Brian Cowen's recent budget does not advance socialist policies. Nor does that of the Stormont Assembly. On the contrary, they will increase inequality and therefore deaths. It is a "lethal" budget. Expect longer waiting lists, more people on trolleys, more premature deaths. Already over 5400 people die prematurely in Ireland every year because of the scale of inequality in this society. This Budget means the premature death rate will increase, killing them softly with the words 'protecting the most vulnerable'. But is an alternative materially possible? The gross national income of the 26 counties in 2007 was €162 billion.
Vincent Brown made the following calculation to illustrate how a redistributive policy could work: "Say the State needs a generous one-third of this to supply security, the justice system, policing, education, health care and the rest (aside from social welfare). That would be €54 billion: way in excess of what Brian Lenihan is proposing to spend, including social welfare, next year and no budget deficits or borrowings. That leaves €108 billion for the 1.4 million households, which works out at €77,000 per household. No problem. We can all live on that. No poverty, no premature deaths because of inequality.
Some people that we need to stick around would, perhaps, sulk and leave if they got only €77,000. Okay, let's agree to give 20 per cent of people twice that figure on average. So, they get €43 billion and the rest of us have to make do with €65 billion, which leaves us with €58,000 per household.
That's still okay, for the State would be providing entirely free health and education and there would be lots of public transport and housing. All right, say they need more, three times the average, €231,000 per household. This would still leave €43 billion for the rest of us, which would work out at €38,000 per household. We could settle for that even if 80 per cent of the population were getting only one-third of the annual national income." (8)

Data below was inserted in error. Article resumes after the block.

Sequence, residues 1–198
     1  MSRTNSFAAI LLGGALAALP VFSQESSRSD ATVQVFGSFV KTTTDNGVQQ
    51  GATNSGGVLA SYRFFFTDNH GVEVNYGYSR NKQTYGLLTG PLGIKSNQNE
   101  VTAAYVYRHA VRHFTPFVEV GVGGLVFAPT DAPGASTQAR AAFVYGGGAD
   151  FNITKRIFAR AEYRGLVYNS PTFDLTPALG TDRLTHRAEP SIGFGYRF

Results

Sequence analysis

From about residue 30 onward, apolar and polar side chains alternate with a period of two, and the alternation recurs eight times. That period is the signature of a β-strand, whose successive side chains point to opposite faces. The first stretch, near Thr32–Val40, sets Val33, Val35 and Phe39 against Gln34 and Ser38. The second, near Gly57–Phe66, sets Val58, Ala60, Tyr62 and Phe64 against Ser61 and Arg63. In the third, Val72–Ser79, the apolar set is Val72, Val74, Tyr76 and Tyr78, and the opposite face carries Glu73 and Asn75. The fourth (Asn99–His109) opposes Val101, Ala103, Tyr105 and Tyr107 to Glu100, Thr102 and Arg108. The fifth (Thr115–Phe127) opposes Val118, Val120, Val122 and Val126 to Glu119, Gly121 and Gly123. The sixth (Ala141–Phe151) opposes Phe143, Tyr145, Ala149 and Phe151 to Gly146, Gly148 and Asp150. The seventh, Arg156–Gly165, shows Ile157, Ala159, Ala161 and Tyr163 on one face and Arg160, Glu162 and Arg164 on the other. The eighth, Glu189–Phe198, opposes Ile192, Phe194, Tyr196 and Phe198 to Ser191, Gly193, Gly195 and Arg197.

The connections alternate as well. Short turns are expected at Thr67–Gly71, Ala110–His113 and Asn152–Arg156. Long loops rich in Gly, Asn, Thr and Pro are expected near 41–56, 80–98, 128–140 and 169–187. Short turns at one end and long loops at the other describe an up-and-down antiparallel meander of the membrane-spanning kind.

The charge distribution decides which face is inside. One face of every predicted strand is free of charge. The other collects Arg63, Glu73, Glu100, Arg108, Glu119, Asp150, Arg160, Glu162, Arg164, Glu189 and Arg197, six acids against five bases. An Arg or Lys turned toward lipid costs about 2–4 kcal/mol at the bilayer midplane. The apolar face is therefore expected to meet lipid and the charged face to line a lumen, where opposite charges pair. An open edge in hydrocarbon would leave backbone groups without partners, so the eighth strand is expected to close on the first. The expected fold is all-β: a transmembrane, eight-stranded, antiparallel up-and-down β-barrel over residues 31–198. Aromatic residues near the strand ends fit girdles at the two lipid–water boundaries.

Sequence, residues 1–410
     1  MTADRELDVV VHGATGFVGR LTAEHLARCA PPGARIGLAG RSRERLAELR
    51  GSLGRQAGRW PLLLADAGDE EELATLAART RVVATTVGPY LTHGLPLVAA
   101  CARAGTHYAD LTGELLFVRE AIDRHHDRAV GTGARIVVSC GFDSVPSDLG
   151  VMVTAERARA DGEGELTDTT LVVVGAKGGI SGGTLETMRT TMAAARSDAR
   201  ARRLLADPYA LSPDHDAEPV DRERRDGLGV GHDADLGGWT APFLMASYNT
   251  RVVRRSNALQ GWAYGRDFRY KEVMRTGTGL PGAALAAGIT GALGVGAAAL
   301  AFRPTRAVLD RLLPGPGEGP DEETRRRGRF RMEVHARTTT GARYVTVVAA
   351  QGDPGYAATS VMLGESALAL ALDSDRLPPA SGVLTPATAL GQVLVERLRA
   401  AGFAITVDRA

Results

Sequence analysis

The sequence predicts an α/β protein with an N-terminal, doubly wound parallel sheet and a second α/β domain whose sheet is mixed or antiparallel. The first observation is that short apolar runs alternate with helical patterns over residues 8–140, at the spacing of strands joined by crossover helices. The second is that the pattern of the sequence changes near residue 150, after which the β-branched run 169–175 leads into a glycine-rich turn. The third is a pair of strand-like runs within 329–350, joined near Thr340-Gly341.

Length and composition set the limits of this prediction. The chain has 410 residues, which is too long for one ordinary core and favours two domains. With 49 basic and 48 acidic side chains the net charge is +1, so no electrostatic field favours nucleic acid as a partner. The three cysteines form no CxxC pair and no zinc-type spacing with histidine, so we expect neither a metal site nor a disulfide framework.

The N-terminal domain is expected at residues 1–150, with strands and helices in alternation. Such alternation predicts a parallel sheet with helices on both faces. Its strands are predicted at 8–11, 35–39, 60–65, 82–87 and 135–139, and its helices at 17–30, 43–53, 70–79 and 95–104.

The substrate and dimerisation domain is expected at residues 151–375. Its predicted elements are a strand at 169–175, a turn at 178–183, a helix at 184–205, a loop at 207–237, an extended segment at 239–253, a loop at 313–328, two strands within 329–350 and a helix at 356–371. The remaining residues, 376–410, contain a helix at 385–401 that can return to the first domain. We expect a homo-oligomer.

Republican Socialism could prevent the premature death of over 5000 people every year, reduce the suffering of thousands of others, and provide health and well being for the people in general. The quality of life of ordinary people would be much better. This is what our politics are concretely about.
(1) Commission on Social Determinants of Health - Final Report, Closing the gap in a generation: Health equity through action on the social determinants of health, World Health Organisation, 2008, 36
(2) John Vidal, Wealth gap creating a social time bomb, The Guardian, 23 October 2008
(3) Commission on Social Determinants of Health - Final Report, op.cit., 37-38
(4) Paula Clancy, Shocking price of inequality not one we can afford to pay, Irish Times, 7 October 2008
(5) Goretti Horgan, Class in Northern Ireland, in Sara O'Sullivan (ed), Contemporary Ireland: A Sociological Map, Dublin: University College Dublin Press, 2007, 322
(6) Commission on Social Determinants of Health - Final Report, op.cit., 29-30
(7) Ibid, 132, 55
(8) Vincent Brown, Talk of protecting vulnerable is claptrap, Irish Times, 15 October 2008